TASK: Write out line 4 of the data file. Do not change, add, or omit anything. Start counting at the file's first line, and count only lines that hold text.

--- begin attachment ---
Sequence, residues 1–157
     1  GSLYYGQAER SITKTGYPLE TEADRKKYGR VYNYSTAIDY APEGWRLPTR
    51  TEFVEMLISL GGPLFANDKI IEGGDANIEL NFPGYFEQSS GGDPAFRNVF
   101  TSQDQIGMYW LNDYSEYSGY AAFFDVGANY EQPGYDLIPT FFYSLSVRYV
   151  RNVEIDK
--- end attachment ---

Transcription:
   101  TSQDQIGMYW LNDYSEYSGY AAFFDVGANY EQPGYDLIPT FFYSLSVRYV